Where the baseboard heater was removed, and other areas significantly patched in the repair of the drywall, we needed to recreate and blend the wall’s texture. Don’t try to skip over the re-texturing step if you want your finished paint job to be of any quality! I used fans to speed drying time of the drywall compound after repairs because I am woefully impatient. I sanded the repaired areas smooth and reapplied a spotty (and slightly thinned down) coat of compound using a 2″ paint brush. When the compound was barely dry to the touch I used a putty knife to ‘knock down’ the peaks, effectively flattening the texture to match the existing wall.
Here we arrive at my favorite part of any project … painting!
I love to challenge the color palate in our home to be complimentary yet non-traditional. I maintain cohesion between rooms (which makes my senses happy) by sticking to the use of one off-white tone, throughout, as a base for all other color combinations. This color theory was important to follow since I was working in the center of our main living/dining area … the very ‘heart’ of our home.
The fireplace alcove is in the center of our dining room. At one end, the dining room opens to a tranquil peacock blue library and on the other end, a gothic maroon kitchen. I wanted to have hints of both colors in the dining room without weighing the room down in color … or causing vertigo. A faux-finish was a just the ticket! I layered four paint colors (a camel brown, deep jewel blue, burnt sienna red, and wet slate grey) between silver and copper metallic glazes … applied with dry-brush, splatter, sponge, and ragging techniques as needed to create the end effect. The metallic glazes brought out a milky, iridescent shimmer in the paints that I hadn’t expected, but really enjoy.
While the paint was drying I rummaged through my scrap wood pile to make the shelf and boot hanger come to life. I was able to repurpose some lumber from a disassembled garden enclosure for the legs and shelf frame. I love the look of the naturally aged wood. The shelf top was serendipity’s gift of two perfectly sized cabinet doors from the old kitchen (hinges and all). The quirky, lift-top action on such a low shelf makes the storage underneath much more accessible. I mounted the shelf to the wall with drywall anchors and L-brackets for added support.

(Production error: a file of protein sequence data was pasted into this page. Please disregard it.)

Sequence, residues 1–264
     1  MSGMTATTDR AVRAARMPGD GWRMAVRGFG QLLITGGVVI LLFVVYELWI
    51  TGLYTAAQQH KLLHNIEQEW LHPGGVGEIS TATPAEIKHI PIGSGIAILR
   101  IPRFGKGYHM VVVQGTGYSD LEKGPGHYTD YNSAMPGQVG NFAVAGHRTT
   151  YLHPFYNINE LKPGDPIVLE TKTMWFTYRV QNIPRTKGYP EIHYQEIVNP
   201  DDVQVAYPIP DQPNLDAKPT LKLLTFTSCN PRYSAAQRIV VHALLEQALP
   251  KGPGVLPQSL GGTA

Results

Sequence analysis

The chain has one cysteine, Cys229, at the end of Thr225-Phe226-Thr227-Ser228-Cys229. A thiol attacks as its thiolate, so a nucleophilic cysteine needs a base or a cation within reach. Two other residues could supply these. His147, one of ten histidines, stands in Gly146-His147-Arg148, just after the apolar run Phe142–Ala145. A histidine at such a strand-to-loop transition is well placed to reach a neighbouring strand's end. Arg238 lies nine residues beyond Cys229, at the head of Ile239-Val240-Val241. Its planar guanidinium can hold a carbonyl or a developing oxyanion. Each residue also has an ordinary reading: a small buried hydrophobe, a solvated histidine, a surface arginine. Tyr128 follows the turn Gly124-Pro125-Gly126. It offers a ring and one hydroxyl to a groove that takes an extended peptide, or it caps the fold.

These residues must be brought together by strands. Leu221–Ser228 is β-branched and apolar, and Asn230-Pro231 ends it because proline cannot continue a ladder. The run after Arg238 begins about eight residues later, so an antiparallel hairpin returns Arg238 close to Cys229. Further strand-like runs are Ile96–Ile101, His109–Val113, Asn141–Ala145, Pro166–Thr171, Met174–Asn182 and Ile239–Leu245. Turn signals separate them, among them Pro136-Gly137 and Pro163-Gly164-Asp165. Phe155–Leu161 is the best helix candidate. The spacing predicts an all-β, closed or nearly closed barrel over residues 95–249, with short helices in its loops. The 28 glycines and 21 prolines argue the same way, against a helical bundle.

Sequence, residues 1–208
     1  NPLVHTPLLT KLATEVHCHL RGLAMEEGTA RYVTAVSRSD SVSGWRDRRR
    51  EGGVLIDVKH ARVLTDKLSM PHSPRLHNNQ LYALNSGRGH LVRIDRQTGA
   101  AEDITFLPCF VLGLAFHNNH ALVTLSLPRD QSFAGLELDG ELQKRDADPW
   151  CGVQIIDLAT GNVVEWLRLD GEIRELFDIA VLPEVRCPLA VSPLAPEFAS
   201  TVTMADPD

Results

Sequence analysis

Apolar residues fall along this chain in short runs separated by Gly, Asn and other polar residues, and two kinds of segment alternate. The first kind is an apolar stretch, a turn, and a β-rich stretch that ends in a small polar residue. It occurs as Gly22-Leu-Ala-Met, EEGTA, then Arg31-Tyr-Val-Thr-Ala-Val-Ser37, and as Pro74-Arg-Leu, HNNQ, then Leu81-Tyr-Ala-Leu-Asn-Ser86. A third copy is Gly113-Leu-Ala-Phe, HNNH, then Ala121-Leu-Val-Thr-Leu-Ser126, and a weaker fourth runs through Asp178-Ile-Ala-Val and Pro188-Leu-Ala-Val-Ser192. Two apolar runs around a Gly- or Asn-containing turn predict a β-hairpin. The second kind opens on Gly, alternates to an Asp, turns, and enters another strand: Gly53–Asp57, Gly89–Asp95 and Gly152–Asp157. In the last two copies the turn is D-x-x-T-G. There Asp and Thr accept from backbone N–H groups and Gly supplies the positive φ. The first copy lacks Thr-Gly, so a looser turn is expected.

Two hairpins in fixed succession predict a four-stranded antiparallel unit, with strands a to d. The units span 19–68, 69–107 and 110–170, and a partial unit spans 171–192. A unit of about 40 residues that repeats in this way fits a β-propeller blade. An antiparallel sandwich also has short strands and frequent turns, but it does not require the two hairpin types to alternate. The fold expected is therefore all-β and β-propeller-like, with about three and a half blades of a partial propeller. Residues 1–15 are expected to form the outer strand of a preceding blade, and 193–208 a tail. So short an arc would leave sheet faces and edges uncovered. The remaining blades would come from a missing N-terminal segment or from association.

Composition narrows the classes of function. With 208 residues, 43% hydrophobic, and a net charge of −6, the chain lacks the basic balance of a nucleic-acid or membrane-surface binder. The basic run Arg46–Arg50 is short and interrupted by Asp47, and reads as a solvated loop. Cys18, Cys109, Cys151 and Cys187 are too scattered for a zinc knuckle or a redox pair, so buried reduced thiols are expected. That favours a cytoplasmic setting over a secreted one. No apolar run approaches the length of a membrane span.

A solid piece of discarded trim, a few well-placed holes and enough 6″ dowels to hold 10 pair of boots upside down was all this boot hanger required. I feel it fair to mention that I glued the dowels in place once I liked the design (1″x3″x34″ lumber as back; 11 holes for pegs are spaced 3.25″ apart on the back; approx. 5″ of dowel is exposed for each of the pegs after dowels are tapped into back until flush). I also used drywall anchors to secure the boot hanger to the wall. I didn’t want any near-term drywall repairs in here! I hung three hat and jacket hangers close to the top of the alcove (not shown in images) to dry those items without crowding.
It was no problem to neatly replace all of the original items without even the slightest hint of a mess. The dogs are super excited they can snuggle up close to the fire too. Now, winter jackets and wet accessories won’t be a bothersome eye-sore, and we have added heat in the basement. Bring on the slush and snow!
What a great ‘before’ and ‘after’, right?!
I hope you like the images and process I have shown here. Please share this article and check out other topics on the blog … I love feedback and shared experiences as well.
Thanks and happy tinkering!
Shaunna and Jeremiah